Brighton: The UK’s New Hip-Hop Capital?

Warning to all Brightonians: Beneath your feet lurks a volcanic Hip-Hop underground that’s multiplying by the day.

I sat down with local Hip-Hop artist JED to talk about the bubbling scene.

It’s no secret that Brighton’s Hip-Hop scene is gaining nationwide notoriety. As JED, Brighton based Hip-Hop artist and event coordinator said, ‘a lot of the people are seeing it as ‘Oh, that’s a little bubble for [Hip-Hop] now’ – it’s gone so viral’.‘There’s just like a real excitement around Brighton at the minute’.

While there’s a history of Hip-Hop in Brighton, it’s been a while since the genre’s enjoyed such local infamy. ‘For a long time Brighton has been a very old school Hip-Hop center – look at the likes of Fliptrix and The Four Owls’. For those ‘who were putting on events when they were twenty, like ten years ago, it was all Grime and Old School Hip-Hop’, ‘it was quite a big scene’.

Eventually, however, the Brighton scene ‘started to decline as that sort of music wasn’t popular anymore’ — ‘drill took over, Dave type stuff took over. It changed and it went away from Brighton for a bit’.

Since this period, ‘there wasn’t very much attention on Brighton at all’, but things are starting to change. Artist ArrDee is the stand out example, with his track ‘6am in Brighton’ currently standing at over twenty million plays on Spotify. ArrDee is just one of the new generation of Brighton rappers who are experimenting with new sounds and performing at new events.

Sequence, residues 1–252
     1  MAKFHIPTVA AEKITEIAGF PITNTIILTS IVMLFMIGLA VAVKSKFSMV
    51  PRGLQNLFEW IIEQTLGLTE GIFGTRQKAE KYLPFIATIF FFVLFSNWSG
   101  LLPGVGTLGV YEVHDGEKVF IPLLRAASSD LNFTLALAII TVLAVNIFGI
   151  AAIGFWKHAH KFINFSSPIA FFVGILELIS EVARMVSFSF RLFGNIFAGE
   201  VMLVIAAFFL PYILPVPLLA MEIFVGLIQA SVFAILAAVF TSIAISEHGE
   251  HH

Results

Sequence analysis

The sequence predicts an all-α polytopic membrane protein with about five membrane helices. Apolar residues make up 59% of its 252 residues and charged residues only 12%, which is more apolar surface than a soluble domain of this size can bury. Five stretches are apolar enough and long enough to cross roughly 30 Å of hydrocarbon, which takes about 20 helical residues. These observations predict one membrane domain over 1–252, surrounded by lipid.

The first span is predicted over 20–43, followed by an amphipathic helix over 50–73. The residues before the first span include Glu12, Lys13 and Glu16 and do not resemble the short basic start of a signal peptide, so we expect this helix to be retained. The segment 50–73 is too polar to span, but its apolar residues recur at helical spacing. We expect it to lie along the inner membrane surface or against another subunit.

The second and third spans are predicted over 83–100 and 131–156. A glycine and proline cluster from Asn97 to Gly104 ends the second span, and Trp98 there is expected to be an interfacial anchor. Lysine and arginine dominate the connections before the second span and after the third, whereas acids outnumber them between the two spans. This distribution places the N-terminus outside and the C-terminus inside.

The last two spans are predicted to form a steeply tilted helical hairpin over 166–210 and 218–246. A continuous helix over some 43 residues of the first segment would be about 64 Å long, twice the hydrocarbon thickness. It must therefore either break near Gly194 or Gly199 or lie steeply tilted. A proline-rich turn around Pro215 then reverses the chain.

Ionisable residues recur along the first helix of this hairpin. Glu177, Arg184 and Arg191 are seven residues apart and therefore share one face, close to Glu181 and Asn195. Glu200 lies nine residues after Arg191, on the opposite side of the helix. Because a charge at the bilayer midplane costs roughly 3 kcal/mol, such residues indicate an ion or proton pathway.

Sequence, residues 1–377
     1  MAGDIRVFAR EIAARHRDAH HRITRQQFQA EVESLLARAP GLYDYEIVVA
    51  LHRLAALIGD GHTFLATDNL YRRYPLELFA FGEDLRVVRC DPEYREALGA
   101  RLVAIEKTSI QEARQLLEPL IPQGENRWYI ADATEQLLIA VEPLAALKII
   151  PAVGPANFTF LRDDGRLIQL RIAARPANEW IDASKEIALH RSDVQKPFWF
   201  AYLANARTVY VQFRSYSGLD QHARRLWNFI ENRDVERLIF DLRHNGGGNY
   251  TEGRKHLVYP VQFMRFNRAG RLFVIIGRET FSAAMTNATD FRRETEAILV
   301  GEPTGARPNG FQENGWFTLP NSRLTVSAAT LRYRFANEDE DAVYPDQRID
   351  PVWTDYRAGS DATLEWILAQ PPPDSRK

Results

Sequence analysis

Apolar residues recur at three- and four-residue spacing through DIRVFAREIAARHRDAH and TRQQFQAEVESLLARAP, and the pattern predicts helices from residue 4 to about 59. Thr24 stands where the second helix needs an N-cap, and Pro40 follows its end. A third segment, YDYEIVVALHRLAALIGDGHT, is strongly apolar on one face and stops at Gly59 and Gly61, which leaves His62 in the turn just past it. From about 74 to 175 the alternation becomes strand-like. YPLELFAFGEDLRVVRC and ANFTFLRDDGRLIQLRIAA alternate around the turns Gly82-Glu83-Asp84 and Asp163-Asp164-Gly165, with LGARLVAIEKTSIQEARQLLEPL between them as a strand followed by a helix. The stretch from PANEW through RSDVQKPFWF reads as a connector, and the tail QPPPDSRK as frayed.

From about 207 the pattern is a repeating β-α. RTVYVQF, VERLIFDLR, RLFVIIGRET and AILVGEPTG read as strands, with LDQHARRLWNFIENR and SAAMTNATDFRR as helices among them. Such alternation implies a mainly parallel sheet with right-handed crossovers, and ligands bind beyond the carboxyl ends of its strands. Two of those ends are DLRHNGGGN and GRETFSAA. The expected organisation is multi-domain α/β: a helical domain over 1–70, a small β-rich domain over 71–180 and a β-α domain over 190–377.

‘It’s like any city’ JED said, ‘it’s sort of dead there, then one artist blows up and then one hundred artists blow up from that city’. He points to Atlanta as an example, a city that lulled after nineties legends like OutKast fell out of trend, only to become popular again ‘when Gucci Mane blew up. Now it’s the biggest Hip-Hop place in the world’. Brighton’s Hip-Hop renaissance has given the genre, as he puts it, some ‘new kids on the block’.

So who are these ‘new kids’? JED explains it’s ‘partly because everyone is reopening’ after the pandemic. ‘There’s a whole new generation of people my age, early twenties, that are starting events. They’re all new, they’re full of enthusiasm — there’s a real community growing.’ JED’s event, AGB, is one among this generation. He organised the debut night last October, with a focus on new artists – ‘there’s a lot of open-mic nights for indie artists, but there’s not many open-mic rap nights’.

Not only does the night give newbies ‘that first taste of performing’, but JED claimed it improves the energy of the event. ‘A lot of the time, you see these big established artists, their set will be amazing’ but ‘it just another day in their tour. Whereas, with these artists, they’re talented and they’re hungry for it. They want to impress everyone in the crowd’.

The next AGB show, coming up on March 11th, has an exclusively Brightonian line-up. ‘There’s so much versatility in the Brighton scene. It reflects Brighton as a whole —anything goes. You go to a lot of events in London and they may be good, but it’s mainly drill. In Brighton you go and it’s a complete variety.’

‘I think the Brighton scene gives people the confidence to do exactly what they want to do and to follow the music that they like, not follow trends’.

If you’d like to discover the artists that’ll be your next Hip-Hop obsession, find tickets to the next AGB night here.

Find JED on Instagram, where you can check out his latest release, Gin N Tonic.

Words by Kate Bowie

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